Why I paint (aka finding your flow)

I’ve always loved art — seeing it, learning about it, experiencing it, and creating it. My most serious art pursuit took place in Japan, where I studied during my junior year of college. I went to focus on economics and Japanese language, but took an elective in Sumi-e painting and it was love at first sight. In retrospect, it both makes sense that this meditative, slow art form was so appealing to the type-A me that ran through the rest of my life while juggling, and is equally puzzling.

I’ve dabbled with a tiny bit of abstract painting over the years, but when I say tiny I really mean it, maybe 10 paintings in two decades. Kiddo and I have been doing art projects together since almost the day she was born – everything from calling upon our inner Andy Goldsworthy and creating ephemeral art out of leaves and branches in our backyard, to collages, vision boards, and other fun stuff.

But I’ve always wanted to paint. Really paint, with oil, or watercolor, or acrylic, or anything else. I love color and I’ve been curious about figuring out how to express myself using color on canvas. At the top of my bucket list has lived the same item for a few years now: Go painting in Tuscany. I have no explanation for putting it there other than I’d heard that the light in Tuscany is magical and the idea of going to Italy to paint sounded magical.

Given that in a few months I turn 40 (going to just glide right over this one), this year I decided to give myself the gift of taking “painting in Tuscany” off my bucket list. The experience that ensued was so life-changing, that I won’t go into it here — it deserves its own blog post or a book. But while spending two weeks in Tuscany was a dream, the gift I got there was the one I didn’t quite expect: A passion for painting that burst out of me with a force I had not experienced in a long time.

My Tuscan painting adventure was in watercolor, simply because that is what our instructor taught the week I was there. I found it fascinating and difficult, and came back intending to keep working on it, while also trying oils. Once more I was reminded about the power of intention in my life because shortly after I came back I started in a small 3-person art class with a new friend, artist, and teacher, with whom we organized our little workshop. I had met her only recently but we were kindred spirits — with love of art and much more in common between us — and I’d asked if she would consider teaching a few of us. She agreed and as soon as I was back from Tuscany, we were off to the art races.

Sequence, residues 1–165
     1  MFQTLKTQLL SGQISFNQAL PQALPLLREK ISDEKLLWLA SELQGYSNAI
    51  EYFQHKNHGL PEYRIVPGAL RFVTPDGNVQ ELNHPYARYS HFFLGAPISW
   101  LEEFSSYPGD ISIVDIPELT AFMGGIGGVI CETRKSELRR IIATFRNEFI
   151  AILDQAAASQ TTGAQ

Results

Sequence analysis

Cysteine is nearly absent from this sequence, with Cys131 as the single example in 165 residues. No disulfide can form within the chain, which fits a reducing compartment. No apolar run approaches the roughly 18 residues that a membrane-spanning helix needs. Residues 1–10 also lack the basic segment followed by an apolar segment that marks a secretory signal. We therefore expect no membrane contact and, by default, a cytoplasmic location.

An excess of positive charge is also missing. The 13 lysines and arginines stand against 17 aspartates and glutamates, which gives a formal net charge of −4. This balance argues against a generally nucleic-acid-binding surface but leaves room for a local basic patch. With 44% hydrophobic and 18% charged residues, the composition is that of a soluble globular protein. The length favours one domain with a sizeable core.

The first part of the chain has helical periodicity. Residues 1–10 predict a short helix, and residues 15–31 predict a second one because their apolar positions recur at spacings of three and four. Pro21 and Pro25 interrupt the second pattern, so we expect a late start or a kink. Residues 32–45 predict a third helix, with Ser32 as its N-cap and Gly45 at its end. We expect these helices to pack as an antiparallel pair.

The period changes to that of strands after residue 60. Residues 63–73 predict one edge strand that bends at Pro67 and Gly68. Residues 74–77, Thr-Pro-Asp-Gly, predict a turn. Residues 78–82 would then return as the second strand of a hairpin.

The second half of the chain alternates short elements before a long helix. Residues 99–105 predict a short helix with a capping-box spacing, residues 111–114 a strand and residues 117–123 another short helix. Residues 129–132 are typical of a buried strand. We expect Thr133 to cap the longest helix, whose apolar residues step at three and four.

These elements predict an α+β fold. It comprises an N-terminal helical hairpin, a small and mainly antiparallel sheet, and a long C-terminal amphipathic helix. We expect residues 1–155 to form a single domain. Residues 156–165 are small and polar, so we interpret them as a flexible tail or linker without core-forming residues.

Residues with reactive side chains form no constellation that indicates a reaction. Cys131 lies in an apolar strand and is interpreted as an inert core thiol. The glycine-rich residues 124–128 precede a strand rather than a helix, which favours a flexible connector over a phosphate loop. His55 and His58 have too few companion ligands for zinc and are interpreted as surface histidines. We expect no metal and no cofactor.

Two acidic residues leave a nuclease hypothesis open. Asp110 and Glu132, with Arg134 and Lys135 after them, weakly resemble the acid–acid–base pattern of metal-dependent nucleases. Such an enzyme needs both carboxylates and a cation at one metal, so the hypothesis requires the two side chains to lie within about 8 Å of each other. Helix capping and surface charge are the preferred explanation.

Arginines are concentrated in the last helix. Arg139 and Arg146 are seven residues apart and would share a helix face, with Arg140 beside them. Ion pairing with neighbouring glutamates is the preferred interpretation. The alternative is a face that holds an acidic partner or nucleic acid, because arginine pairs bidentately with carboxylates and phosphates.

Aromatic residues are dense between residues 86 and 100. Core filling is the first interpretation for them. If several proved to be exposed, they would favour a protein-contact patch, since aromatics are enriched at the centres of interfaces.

Reminder to self and anyone reading:

If you love something, if you want to find a way to do it, don’t forget to do the simplest thing: Tell people you love it and you want to find the way to do it. The universe turns out to be incredibly generous but not a mind-reader.

Every Monday night, after work is done and kids are fed, we gather in Irina’s beautiful art studio. She sets up a simple composition and we spend a few hours doing our own interpretation of it. I chose to try oils and wow, what an adventure it is into color and texture and learning to manipulate this beautiful medium in ways that express what I feel.

After the first session where I accomplished not much more than playing with oil on my canvas, Irina set up a mandolin composition. At first look I found it boring, which I shared with her. “Find your voice in it,” she told me, “just start putting colors on your canvas and listen to what you hear.” I’d never painted this way but I went with it. She would come over, turn my canvas upside down, ask me to use a different brush or knife, suggest that I do something really drastic in one part of it and then see what it leads me to.